The design of these applications, as Tristan Harris, a former design ethicist at Google, has pointed out, exploits human psychology to make these platforms hard to resist, highlighting the deliberate tactics employed to capture and sustain user attention.


Physical Health Consequences

Constant phone use inherently promotes a sedentary lifestyle, as individuals often spend hours seated or in a fixed position while engaging with their devices. This sedentary behavior is associated with a range of health risks, including obesity, cardiovascular diseases, and diabetes, reminiscent of the well-documented health risks of smoking, such as lung cancer and heart disease, and the systemic harm induced by cocaine use. Moreover, phone addiction has been linked to its own unique set of physical health consequences. Emerging studies indicate that excessive phone use, particularly before bedtime, can lead to significant sleep disruption, partly due to the blue light emitted by screens, which suppresses the production of melatonin, a hormone that regulates sleep. In addition to sleep issues, constant phone use is associated with digital eye strain, a condition characterized by symptoms such as dry eyes, headache, and blurred vision, as documented by the American Optometric Association. As phone use continues to increase, these physical health issues are becoming more pervasive, highlighting the necessity for public health interventions similar to those employed to combat the health risks of smoking and cocaine or other drug use.

Social and Societal Consequences

Phone addiction, marked by excessive and compulsive use of smartphones, can significantly diminish face-to-face social interaction. Engaging with screens for prolonged periods naturally reduces the time and energy individuals allocate to direct interpersonal relationships, leading to a preference for digital communication over personal contact. As a societal concern, growing up in an environment dominated by screens poses risks for a generation’s capacity for deep, focused work and the cultivation of meaningful relationships. Constant phone notifications, for instance, have been linked with reduced attention span and an increased likelihood of distraction in professional and academic settings. This contrasts sharply with the more "individual" nature of harm caused by smoking and cocaine use, which, although having significant societal costs, primarily manifests as direct physical harm to the user. Phone addiction, conversely, is reshaping fundamental aspects of human interaction and cognition on a societal level, altering how a generation communicates, forms relationships, and engages with the world — a process I’ve called “coming untethered” — which is further driving the mental health crisis amongst the young.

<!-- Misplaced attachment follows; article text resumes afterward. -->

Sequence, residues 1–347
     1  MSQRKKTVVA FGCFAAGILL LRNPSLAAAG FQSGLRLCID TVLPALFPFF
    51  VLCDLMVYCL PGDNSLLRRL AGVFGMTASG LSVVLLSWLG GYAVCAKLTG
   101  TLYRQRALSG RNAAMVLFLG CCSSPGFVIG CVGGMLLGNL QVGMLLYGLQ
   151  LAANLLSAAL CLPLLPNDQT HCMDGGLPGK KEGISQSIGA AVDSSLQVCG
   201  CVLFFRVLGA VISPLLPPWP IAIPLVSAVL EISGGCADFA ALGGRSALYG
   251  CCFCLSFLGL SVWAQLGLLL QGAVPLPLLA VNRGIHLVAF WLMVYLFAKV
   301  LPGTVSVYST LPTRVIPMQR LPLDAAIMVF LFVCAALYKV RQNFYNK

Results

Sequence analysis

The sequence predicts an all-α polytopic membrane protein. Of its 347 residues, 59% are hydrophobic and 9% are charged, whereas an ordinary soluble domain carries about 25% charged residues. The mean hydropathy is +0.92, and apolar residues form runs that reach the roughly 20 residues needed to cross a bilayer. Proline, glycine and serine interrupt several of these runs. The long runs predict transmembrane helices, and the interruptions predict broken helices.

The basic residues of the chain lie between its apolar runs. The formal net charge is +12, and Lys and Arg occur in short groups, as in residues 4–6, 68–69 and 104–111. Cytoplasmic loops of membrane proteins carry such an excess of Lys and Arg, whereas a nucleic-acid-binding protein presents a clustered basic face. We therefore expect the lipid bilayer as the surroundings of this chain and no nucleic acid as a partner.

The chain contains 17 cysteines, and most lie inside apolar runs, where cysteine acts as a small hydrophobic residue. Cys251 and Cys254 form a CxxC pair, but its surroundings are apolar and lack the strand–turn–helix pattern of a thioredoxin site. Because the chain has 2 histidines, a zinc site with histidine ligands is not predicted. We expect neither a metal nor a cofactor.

Phone addiction, particularly among teens, represents a burgeoning crisis that, based on current evidence, may pose a threat potentially more severe than that of smoking and cocaine use.


The Response to Phone Addiction

The response to phone addiction has been notably subdued when compared to the extensive public health campaigns launched against smoking and cocaine use. For decades, governments and health organizations have employed aggressive tactics, including graphic warnings, educational programs, and substantial policy changes to combat smoking and drug abuse. In contrast, phone addiction, despite emerging evidence highlighting its serious mental and physical health consequences, has not elicited a comparable level of public health response. Given the demonstrated association between excessive phone use and issues such as anxiety, depression, sleep disruption, and impaired social interaction, there is a compelling case for a more aggressive public health approach. This could encompass educational initiatives that raise awareness about the risks of phone addiction, policy interventions that encourage responsible design by tech companies, and the development of resources to help individuals manage their screen time more effectively. As our society becomes increasingly digital, the urgency of addressing phone addiction as a legitimate and significant public health issue is clear, warranting action that is commensurate with the scale and depth of the problem.


In conclusion, phone addiction, particularly among teens, represents a burgeoning crisis that, based on current evidence, may pose a threat potentially more severe than that of smoking and cocaine use. Its insidious nature — manifesting in mental health issues, sleep disruption, physical strain, diminished social interaction, and altered cognitive abilities — signals the urgency of this problem. Yet, despite the mounting evidence, societal response remains significantly muted compared to the extensive public health campaigns waged against smoking and cocaine use. It is imperative that comprehensive studies are undertaken to further understand the full spectrum of phone addiction's impact, and that these findings catalyze robust public health initiatives aimed at tackling this modern epidemic. From my perspective, this is not merely an issue for parents, educators, or health professionals — it is a societal issue that demands acknowledgment and urgent, substantive action. Filmmaker David Donnely has made a film inspired by my book which will debut soon, called The Cost of Convenience; it is my hope that we will be able to screen the film on college campuses — to spark discussions on striking a healthier balance between our offline lives and devices and digital connectivity. As our world becomes ever more digitized, the time to address and prioritize the mental and physical health of our digital natives is now.